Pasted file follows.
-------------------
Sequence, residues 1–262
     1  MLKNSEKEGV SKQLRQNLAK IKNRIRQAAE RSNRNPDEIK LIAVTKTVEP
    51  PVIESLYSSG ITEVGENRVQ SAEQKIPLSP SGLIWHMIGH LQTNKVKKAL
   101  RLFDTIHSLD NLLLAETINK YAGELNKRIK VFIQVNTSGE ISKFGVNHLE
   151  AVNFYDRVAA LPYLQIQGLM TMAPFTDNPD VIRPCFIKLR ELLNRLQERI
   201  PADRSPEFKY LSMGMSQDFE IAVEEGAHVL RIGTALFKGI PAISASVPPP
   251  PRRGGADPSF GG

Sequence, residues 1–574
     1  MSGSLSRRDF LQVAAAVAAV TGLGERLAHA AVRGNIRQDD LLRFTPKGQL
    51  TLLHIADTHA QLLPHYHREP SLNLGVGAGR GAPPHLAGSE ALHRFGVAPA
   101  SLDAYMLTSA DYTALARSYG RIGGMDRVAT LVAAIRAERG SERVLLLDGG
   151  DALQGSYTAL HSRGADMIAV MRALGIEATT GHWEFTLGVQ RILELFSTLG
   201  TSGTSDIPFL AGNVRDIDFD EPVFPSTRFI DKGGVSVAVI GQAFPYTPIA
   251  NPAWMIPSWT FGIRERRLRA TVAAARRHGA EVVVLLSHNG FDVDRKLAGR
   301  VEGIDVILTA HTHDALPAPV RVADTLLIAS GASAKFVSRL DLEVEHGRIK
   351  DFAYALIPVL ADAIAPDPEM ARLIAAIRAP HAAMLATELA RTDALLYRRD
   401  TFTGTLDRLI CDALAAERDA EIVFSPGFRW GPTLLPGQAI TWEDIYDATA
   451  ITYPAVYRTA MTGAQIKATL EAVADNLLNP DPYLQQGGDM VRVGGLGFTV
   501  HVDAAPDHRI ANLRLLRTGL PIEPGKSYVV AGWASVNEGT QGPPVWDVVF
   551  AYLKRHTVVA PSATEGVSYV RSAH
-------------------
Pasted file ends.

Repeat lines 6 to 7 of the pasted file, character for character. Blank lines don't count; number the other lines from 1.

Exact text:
   201  PADRSPEFKY LSMGMSQDFE IAVEEGAHVL RIGTALFKGI PAISASVPPP
   251  PRRGGADPSF GG